Wonderful to see the Almeida moving with the times. Overall, a lovely night out, great food for the price and a buzzy, friendly atmosphere.
Came here with a Top Table deal, which made it really good value! Without the deal, probably would have dropped to a 3 star review.
Smoked salmon appetizer was really good, but I have had better duck (main). Service was very good, and the atmosphere was the right balance between laid back and elegant, if a little quiet.
I went to Almeida through a special offer on toptable, which is always a good way if sampling more expensive restaurants! Less risk! And then you will no doubt return if they have managed to convince you.
Well, the Almeida certainly did that - I have been back several times. The restaurant itself is very beautiful, with nice clean lines and a minimalist feel without being pretentious. The service is absolutely brilliant. I felt looked after by the attentive waiter, without being smothered.
And the delicious food too! I especially enjoyed the cucumber jelly dish (I iwish I could remember what it was called, because my description makes it sound awful!).
Anyway, catch a show and eat at the restaurant. Do it!
This place is always surprisingly good. They serve stuff like quiche and salad and I'm not a quiche and salad kind of a guy, how many guys are? But it was excellent. Perfect, even.
To tell you the truth I can't remember exactly what else I've eaten here, when I've eaten here, but what I do know is that we always wax lyrical about it. I love the laid back atmosphere and the wide open sliding windows onto the sunny street (it always seems to be sunny when I visit Islington, high up there on that hill, or maybe it's my imagination).
One time they were rehearsing a play in the theatre and we wandered in to see what was going on and were shooed away, so that was fun. Another time the cast from a rehearsal poured into the cafe. Quite a few recognisable faces and a sort of thespian frisson of excitement they brought with them.
Lots of atmosphere. Cool and laid back and always surprisingly well prepared, good quality food at a reasonable price. An Islington fave and easily over-looked, tucked down that little side street at the side of the theatre.
All I can say is excellent! There are already some detailed reviews about the menu etc. so I'll try not to bore everyone with too much gushing. Basically, the choice is decent (real French cuisine rather than generic dishes) but what makes the Almeida stand out is the quality of the ingredients.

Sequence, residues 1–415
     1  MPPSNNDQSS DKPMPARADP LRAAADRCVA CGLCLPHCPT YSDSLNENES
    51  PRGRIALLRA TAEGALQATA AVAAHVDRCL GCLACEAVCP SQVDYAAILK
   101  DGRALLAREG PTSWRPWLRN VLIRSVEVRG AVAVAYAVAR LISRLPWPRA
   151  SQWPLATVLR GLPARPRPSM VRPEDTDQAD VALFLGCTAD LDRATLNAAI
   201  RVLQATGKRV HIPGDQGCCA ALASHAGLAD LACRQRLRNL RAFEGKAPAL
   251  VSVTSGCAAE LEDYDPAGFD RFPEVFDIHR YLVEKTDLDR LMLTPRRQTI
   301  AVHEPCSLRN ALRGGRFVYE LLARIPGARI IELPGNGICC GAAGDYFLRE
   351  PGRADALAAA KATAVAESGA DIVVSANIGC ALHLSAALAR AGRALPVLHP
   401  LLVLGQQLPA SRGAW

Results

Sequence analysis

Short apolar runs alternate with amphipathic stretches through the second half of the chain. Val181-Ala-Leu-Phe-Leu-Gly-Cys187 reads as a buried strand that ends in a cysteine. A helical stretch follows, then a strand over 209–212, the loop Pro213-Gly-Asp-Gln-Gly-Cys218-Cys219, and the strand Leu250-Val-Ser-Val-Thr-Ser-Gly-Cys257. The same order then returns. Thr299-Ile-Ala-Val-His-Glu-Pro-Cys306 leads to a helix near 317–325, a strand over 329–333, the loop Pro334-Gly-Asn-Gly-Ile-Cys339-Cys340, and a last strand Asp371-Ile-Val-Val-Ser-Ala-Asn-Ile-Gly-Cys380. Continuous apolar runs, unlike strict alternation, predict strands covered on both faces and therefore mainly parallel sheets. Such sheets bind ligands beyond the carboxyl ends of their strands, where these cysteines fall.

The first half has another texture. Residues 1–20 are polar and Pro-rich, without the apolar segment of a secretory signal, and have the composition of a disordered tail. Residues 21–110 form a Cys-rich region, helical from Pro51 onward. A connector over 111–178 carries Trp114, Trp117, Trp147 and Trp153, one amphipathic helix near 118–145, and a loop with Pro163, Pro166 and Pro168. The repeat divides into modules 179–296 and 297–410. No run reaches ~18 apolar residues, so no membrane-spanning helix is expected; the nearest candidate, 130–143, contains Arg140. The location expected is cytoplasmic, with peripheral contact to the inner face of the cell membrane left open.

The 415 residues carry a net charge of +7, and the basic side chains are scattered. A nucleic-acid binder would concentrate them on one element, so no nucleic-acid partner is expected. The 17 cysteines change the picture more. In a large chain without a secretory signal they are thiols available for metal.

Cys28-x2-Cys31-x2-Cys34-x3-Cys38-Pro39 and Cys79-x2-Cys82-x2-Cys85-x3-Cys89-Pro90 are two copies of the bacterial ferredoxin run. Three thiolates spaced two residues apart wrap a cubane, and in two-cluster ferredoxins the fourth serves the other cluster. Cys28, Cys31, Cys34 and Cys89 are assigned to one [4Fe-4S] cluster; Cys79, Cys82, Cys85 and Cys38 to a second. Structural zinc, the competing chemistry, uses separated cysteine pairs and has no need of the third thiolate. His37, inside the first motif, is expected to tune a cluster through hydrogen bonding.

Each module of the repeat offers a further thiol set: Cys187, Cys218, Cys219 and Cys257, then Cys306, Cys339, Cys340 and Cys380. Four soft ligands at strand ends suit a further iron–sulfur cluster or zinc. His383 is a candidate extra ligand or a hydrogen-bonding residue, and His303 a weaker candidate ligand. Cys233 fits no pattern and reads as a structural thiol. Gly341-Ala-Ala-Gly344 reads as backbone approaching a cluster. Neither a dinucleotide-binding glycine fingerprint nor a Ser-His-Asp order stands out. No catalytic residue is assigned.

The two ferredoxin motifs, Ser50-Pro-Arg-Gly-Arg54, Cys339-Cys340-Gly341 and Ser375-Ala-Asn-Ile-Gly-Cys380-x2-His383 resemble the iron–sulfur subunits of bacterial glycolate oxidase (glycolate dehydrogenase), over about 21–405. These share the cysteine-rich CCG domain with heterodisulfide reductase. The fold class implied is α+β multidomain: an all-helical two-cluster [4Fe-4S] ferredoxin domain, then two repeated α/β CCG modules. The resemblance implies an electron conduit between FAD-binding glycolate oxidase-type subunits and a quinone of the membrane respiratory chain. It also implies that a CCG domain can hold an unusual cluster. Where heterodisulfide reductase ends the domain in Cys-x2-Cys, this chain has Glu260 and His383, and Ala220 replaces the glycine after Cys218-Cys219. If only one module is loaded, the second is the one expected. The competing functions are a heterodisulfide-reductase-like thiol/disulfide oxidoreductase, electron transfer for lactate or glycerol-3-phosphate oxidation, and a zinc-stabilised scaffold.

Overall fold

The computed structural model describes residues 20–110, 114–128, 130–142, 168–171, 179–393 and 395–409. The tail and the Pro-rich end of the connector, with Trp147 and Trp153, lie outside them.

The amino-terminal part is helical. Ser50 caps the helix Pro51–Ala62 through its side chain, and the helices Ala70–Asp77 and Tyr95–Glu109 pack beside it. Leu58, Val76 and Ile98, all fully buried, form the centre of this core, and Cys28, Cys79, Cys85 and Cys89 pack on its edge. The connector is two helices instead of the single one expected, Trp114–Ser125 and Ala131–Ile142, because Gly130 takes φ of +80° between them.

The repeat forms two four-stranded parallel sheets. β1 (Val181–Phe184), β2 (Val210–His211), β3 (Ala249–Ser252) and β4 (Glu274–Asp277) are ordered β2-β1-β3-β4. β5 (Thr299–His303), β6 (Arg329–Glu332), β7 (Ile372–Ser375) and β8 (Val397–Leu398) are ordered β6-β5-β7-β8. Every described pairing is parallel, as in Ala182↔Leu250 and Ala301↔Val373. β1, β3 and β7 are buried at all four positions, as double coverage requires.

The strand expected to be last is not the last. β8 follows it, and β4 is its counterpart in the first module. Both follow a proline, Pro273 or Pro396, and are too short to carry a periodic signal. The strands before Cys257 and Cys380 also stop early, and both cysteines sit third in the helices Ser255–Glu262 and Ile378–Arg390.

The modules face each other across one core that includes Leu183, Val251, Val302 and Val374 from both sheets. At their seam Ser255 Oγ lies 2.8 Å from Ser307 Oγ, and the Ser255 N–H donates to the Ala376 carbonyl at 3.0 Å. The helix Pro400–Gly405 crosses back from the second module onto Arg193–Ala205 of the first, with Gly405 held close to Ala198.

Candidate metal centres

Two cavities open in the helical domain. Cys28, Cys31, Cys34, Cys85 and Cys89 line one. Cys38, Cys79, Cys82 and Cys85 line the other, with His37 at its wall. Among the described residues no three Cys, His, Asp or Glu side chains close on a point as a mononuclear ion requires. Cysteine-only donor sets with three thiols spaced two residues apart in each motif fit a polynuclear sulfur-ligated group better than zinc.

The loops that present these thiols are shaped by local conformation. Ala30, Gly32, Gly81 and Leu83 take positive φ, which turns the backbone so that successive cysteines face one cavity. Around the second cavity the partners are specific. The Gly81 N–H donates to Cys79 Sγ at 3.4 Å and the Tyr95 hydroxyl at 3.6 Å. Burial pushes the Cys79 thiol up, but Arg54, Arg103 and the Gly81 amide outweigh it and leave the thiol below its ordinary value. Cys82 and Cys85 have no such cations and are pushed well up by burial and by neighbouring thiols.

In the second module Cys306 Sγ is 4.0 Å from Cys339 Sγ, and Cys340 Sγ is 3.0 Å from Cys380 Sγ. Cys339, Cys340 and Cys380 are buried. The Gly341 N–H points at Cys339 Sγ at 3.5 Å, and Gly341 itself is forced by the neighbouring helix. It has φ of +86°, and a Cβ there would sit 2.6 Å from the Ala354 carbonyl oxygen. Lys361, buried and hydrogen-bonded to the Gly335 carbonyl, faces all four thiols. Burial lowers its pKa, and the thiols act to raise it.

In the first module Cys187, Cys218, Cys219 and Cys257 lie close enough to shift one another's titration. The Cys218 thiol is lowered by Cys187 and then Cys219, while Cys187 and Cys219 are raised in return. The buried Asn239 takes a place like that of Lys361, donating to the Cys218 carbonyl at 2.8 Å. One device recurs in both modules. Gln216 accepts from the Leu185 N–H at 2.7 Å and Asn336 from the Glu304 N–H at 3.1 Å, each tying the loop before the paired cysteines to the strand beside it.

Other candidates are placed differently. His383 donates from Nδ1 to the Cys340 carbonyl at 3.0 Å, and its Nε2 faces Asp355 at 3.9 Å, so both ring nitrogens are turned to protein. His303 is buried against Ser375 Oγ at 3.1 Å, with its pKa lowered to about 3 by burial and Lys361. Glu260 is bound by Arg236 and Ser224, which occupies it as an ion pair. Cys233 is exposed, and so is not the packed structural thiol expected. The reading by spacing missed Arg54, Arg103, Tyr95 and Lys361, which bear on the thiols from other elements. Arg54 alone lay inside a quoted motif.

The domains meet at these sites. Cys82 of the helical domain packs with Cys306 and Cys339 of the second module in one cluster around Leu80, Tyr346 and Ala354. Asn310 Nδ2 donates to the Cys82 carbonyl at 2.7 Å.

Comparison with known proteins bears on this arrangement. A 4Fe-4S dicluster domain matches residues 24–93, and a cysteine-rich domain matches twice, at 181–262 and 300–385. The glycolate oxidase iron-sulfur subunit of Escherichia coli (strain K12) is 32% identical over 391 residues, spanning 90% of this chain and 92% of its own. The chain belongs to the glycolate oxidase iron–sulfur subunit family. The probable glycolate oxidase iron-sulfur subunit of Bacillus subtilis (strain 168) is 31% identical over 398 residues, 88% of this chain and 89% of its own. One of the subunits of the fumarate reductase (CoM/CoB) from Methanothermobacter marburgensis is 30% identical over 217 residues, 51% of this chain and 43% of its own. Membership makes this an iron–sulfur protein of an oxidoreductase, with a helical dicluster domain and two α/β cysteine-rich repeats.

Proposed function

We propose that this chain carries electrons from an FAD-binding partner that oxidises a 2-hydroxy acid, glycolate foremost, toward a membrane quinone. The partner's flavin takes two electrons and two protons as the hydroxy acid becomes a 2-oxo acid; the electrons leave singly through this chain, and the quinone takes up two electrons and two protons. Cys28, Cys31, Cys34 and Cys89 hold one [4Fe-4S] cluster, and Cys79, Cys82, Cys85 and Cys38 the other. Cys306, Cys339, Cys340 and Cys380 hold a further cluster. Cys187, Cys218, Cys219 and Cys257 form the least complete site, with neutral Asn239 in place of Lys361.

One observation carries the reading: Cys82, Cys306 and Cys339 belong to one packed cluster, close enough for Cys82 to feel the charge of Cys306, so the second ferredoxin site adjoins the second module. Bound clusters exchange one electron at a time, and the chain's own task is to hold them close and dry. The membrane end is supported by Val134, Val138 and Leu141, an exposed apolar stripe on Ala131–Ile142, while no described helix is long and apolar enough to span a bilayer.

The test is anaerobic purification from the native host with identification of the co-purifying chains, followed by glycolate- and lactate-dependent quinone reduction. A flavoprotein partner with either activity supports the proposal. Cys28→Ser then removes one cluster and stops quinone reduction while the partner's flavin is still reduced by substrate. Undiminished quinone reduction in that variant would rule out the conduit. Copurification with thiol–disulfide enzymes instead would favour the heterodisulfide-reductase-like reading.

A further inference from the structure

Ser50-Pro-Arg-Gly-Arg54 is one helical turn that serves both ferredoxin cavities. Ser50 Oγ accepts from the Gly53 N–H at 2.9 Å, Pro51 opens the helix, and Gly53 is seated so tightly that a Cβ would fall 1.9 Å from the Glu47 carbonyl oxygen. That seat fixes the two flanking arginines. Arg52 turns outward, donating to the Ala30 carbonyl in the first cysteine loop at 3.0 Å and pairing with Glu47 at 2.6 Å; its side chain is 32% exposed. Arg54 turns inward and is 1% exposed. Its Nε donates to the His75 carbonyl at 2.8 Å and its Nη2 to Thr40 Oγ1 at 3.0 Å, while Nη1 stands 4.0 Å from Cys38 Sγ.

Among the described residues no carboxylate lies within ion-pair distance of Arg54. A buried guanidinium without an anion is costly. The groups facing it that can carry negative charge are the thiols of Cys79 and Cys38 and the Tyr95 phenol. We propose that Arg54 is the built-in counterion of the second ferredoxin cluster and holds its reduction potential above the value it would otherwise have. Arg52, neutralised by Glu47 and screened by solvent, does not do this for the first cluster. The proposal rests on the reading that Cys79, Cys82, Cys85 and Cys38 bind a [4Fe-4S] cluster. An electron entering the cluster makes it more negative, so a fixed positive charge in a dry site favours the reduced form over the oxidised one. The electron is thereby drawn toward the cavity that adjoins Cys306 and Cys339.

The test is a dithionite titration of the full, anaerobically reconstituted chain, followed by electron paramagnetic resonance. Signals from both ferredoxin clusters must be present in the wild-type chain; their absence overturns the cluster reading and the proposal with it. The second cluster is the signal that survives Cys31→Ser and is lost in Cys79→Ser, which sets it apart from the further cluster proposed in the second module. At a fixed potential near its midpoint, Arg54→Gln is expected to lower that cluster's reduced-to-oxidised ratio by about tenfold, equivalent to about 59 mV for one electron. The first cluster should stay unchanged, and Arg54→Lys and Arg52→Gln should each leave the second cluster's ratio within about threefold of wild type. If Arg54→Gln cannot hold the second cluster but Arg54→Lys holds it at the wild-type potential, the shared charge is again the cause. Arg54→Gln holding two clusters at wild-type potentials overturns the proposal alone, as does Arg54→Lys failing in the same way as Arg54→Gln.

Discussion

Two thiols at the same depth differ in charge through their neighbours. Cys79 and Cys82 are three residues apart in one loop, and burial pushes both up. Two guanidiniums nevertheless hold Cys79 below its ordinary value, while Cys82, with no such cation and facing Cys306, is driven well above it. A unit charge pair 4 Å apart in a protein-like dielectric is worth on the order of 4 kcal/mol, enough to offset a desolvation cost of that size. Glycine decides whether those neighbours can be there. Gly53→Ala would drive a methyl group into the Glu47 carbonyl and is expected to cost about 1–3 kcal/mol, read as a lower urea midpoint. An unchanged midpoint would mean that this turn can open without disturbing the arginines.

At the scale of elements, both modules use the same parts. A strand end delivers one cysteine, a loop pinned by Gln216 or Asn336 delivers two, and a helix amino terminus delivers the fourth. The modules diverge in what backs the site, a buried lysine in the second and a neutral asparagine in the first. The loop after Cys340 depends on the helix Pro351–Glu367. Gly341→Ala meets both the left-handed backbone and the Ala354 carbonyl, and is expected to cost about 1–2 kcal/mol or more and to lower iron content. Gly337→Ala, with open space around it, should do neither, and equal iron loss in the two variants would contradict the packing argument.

My Cornish crab starter tasted as though it had been plucked from the sea a mere moment before and the mains and pudding were just as excellent and Ill recommend the creme brulee just for the amazing little madeline cake that comes with it
Service is lovely - attentive and rather sweet. When we said we would share a desert, they thoughtfully bought two little plates as well as extra cutlery.
£25 for 2 courses and a wine list that includes with some tasty but affordable vintages (and the option of getting a carafe - about 2/3 of a bottle - just like they do in France) means the price isn't half bad for the quality, either.
I last went here before its recent refit. This is classic French dining. The restaurant is pleasantly airy with lots of space between tables so you don't feel cramped. That's a real plus in my book. The service was quite possibly (outside of the Ivy) some of the best I've had in London. It's that kind of service where someone is always attentive and aware of what your needs but never overbearing. The food is also just quality Steak tartare was really tasty, lamb incredible. And really, it's not at all bad value when you compare it to venues of a similar caliber.
if it's good enough for Cesc Fabregas it's good enough for any of us. the food is confident without being brash and manages to exert a quiet assurance that fits throughout the entire restaurant. what one has to remember about this place is that it's simply a local restaurant so the fact that it manages to churn out these superb meals that most places in the west end would be proud of. what i like the most is the celeriac remoulade - for some reason it has more zing than in other places. the wine list is excellent although D&D need to work more on their descriptives. theyre a bit prosaic.
I went here on a Tuesday night, and it was fairly quiet. I came with a Toptable offer- 2 courses and a cocktail for 23.50 a person. I ordered the smoked salmon starter, which was nicely presented and good, but not something unique or special. My friend ordered the pork cheek, which was cooked very well and delicious. I, on the other hand, ordered the panfried hake. The fish was cooked fairly well, but the portion was very small. I couldn't help but feel that something was missing. The restaurant has a nice ambience and service is very good and attentive. If you're in the area or in a rush for the theatre, then try Almeida but it's nothing to rush to or write home about.